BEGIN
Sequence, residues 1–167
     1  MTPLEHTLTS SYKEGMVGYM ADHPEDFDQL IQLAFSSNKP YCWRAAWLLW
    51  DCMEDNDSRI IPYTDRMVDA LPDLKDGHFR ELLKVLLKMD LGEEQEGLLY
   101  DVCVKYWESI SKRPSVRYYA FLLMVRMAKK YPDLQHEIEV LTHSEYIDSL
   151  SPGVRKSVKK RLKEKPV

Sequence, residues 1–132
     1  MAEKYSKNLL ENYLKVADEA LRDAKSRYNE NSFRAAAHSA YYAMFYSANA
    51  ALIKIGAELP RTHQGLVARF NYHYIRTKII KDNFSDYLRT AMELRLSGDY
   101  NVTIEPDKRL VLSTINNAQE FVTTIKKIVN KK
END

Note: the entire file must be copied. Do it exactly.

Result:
Sequence, residues 1–167
     1  MTPLEHTLTS SYKEGMVGYM ADHPEDFDQL IQLAFSSNKP YCWRAAWLLW
    51  DCMEDNDSRI IPYTDRMVDA LPDLKDGHFR ELLKVLLKMD LGEEQEGLLY
   101  DVCVKYWESI SKRPSVRYYA FLLMVRMAKK YPDLQHEIEV LTHSEYIDSL
   151  SPGVRKSVKK RLKEKPV

Sequence, residues 1–132
     1  MAEKYSKNLL ENYLKVADEA LRDAKSRYNE NSFRAAAHSA YYAMFYSANA
    51  ALIKIGAELP RTHQGLVARF NYHYIRTKII KDNFSDYLRT AMELRLSGDY
   101  NVTIEPDKRL VLSTINNAQE FVTTIKKIVN KK